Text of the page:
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Music Review: Four new albums about mental health

Music Review: Four new albums about mental health

Music Review: Four new albums about mental health

17 June 2022

By Jessica Morris

As far as culture goes, Christian art tends to fall a few years behind the rest of the world. Conversations about complicated experiences weren’t the first port of call for Christian musicians seeking to make a living. Talking about the taboo or even suggesting an alternative point of view can jeopardise your financial stability and your religious community, so musicians have found creative ways to push the envelope.

Wonderfully, the Evangelical Church has become more literate and educated in mental health in the past three years. And with the experiences of COVID-19 and lockdown, more Christian musicians have been able to reflect on and create music discussing mental health. Not using the name of Jesus as a band-aid or saying, “you should pray more”, but actually sharing honest, pain-filled stories and allowing God to show up in them. Here are four new releases that do this to a world-class standard.

HELP!!! – by Brandon Lake

This rock and roll worship leader has quickly risen to be the ‘it’ guy in Christian music. Becoming a force at former label Bethel Music, he released a stunning debut with ‘House of Miracles’ and became one of the biggest collaborators in the industry. This muso is with Maverick City Music and has sung with Tasha Cobbs Leonard, Elevation and Brooke Ligertwood. Unsurprisingly, he took home Christian Songwriter of the Year at the DOVE awards and received a Grammy. But, please, don’t let the Aussie tendency of tall-poppy syndrome make you pass by Brandon’s latest EP, HELP!!!. With tenacity and roar power, he sings about mental illness – inviting God into his story but not using religious coping as a technique to deny his pain. Instead, he cries out in desperation and uses Biblical truths to strengthen his own spirit in the battle.

How Far – by Tasha Layton

When you think of pop, names like Christina Aguilera and Brittany Spears come to mind. Tasha Layton should be up there, too – her soaring, pop voice once backed Katy Perry and her experience shows. How Far is a collection of fun yet deep songs. Talking and singing about mental health long before it was cool, tracks like ‘Into The Sea [It’s Gonna Be Ok]’ and ‘Dear Daughter’ are beacons for young women finding their place in the world. With confidence, kindness and a sincere faith, Tasha’s new album is exceptional. Her ability to hold both the spiritual aspects of mental health and the psychological is rare, and it is because she is a survivor of suicide. I wish Tasha were making music when I was a teen because this is exactly what I needed to hear when I was at my lowest.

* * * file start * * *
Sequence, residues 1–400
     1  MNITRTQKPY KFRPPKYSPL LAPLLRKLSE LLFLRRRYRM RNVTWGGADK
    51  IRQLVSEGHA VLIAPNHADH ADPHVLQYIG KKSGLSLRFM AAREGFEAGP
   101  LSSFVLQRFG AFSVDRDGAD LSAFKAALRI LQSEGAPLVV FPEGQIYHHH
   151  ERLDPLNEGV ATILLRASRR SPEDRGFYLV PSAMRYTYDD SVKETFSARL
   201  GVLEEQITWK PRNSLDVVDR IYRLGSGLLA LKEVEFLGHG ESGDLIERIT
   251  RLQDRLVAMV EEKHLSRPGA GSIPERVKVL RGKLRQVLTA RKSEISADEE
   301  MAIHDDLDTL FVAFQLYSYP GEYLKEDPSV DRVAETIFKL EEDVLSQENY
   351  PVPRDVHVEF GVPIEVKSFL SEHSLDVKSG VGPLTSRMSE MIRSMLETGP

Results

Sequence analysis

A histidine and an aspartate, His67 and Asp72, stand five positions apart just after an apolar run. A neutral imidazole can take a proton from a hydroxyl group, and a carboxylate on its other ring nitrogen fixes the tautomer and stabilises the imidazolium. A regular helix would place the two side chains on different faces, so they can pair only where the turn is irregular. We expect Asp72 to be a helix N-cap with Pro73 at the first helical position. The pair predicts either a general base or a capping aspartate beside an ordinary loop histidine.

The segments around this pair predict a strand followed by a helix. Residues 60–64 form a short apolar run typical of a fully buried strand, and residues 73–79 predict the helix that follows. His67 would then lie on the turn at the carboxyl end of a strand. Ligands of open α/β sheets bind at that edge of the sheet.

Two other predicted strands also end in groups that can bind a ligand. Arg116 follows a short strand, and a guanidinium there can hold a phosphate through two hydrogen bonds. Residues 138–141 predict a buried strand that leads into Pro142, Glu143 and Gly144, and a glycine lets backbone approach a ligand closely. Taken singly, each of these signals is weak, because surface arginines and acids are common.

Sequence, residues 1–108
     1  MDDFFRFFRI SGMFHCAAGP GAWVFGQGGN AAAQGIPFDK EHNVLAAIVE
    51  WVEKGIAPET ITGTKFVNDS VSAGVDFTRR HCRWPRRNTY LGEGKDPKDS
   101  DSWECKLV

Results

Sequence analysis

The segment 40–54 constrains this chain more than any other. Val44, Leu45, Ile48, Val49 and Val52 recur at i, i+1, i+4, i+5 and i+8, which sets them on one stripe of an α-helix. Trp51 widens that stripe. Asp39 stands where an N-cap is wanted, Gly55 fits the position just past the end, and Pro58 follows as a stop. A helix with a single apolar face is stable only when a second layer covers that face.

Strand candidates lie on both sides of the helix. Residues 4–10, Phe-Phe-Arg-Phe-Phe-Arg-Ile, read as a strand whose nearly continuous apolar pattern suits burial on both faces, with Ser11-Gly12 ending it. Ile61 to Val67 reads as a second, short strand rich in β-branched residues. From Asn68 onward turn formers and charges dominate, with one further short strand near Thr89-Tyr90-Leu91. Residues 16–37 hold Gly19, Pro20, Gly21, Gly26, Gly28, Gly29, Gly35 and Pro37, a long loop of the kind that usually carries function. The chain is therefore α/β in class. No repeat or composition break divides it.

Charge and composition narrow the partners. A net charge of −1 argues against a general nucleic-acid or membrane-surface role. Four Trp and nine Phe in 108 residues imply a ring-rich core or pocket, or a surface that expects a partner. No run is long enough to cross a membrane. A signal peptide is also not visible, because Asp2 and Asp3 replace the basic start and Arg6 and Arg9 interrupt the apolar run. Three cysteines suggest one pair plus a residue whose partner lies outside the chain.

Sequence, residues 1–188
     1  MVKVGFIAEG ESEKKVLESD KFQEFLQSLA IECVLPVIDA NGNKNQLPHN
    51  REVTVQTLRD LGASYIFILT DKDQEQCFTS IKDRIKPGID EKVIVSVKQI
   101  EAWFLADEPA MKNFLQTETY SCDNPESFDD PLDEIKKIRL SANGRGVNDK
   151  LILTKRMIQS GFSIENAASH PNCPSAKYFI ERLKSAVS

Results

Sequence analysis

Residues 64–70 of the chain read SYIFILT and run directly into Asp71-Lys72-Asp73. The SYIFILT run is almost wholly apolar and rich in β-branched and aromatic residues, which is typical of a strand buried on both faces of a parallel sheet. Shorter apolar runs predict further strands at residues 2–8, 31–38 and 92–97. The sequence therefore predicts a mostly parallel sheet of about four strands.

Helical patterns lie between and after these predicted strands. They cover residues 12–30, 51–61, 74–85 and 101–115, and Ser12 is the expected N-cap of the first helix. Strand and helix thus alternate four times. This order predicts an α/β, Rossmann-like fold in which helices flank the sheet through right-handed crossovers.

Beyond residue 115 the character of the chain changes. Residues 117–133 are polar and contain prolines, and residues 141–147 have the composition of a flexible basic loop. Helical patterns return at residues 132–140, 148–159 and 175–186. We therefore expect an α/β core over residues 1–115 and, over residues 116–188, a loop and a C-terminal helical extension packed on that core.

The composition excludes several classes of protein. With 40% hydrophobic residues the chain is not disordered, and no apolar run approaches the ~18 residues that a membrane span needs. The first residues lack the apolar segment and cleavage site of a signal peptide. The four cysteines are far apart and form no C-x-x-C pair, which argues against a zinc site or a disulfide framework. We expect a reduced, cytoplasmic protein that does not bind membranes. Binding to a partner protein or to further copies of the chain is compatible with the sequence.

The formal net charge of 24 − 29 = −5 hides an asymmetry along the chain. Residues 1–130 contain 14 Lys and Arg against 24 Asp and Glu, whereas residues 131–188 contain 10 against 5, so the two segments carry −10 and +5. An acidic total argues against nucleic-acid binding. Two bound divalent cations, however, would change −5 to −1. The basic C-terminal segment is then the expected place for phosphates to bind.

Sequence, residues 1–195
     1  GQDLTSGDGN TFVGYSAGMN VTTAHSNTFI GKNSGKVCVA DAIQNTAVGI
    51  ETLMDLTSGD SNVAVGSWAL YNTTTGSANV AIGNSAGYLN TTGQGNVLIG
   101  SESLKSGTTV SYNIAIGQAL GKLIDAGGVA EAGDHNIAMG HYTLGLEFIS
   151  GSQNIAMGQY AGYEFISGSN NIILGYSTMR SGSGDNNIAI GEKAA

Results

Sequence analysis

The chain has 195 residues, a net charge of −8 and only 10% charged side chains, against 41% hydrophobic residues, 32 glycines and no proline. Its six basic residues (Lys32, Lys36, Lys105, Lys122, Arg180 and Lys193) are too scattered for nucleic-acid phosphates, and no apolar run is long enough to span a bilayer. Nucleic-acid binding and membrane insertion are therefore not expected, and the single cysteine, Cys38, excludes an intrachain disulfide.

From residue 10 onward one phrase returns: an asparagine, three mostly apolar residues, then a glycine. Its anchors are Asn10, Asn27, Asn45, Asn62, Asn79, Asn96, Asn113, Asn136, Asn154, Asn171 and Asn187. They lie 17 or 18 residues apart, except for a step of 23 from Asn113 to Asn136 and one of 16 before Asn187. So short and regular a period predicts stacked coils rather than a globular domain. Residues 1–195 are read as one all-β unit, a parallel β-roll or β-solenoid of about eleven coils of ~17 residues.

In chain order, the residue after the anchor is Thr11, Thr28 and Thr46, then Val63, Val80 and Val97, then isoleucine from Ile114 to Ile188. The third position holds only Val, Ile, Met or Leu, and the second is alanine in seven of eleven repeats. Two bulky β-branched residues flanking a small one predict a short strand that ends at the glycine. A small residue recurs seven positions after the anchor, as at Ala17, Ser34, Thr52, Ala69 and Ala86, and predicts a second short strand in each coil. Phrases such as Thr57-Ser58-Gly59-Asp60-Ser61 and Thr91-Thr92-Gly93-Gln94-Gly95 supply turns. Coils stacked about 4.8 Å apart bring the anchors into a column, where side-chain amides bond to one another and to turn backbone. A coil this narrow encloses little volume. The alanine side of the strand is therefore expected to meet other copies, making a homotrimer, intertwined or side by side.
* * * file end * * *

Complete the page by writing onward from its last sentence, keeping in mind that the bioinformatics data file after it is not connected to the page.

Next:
State of the Union – by Amanda Cook

Lockdown was hard – and in years of calamity, death and division, artist Amanda Cook would wake up every morning and say, “What is the state of the union today?” as a way to assess her overall health. It culminates in this powerfully introspective album, which communicates the mental battle many of us face against anxiety, fear and depression. Dwelling on the nature of Jesus and his supernatural ability to renew our minds, Amanda also celebrates the importance of self-work and counselling – showing that God is the ultimate healer and that a lifetime in recovery facing our demons is often the miracle itself.


All My Questions – by Bethany Barnard

As a 14-year-old, Bethany Barnard [then Bethany Dillon] became Christian music’s golden girl, and her song ‘Beautiful’ became such a hit it was even tattooed on celebrities. Now in her early 30s and a mum of four, Beth is opening up about her experience living with Obsessive Compulsive Disorder (OCD). In her album, All My Questions, she articulately explores how OCD can reveal itself in religious scrupulosity and how this has essentially forced her to deconstruct her life and the way she follows Jesus. Beth knows the Word and loves prayer, and it shows – but she is also deeply familiar with a fractured internal dialogue, pain, questions and religious trauma. And while this album was released late last year, it remains one of the most important releases of the past 12 months. Listening to this reminded me that God is big enough to hold all my light and darkness.



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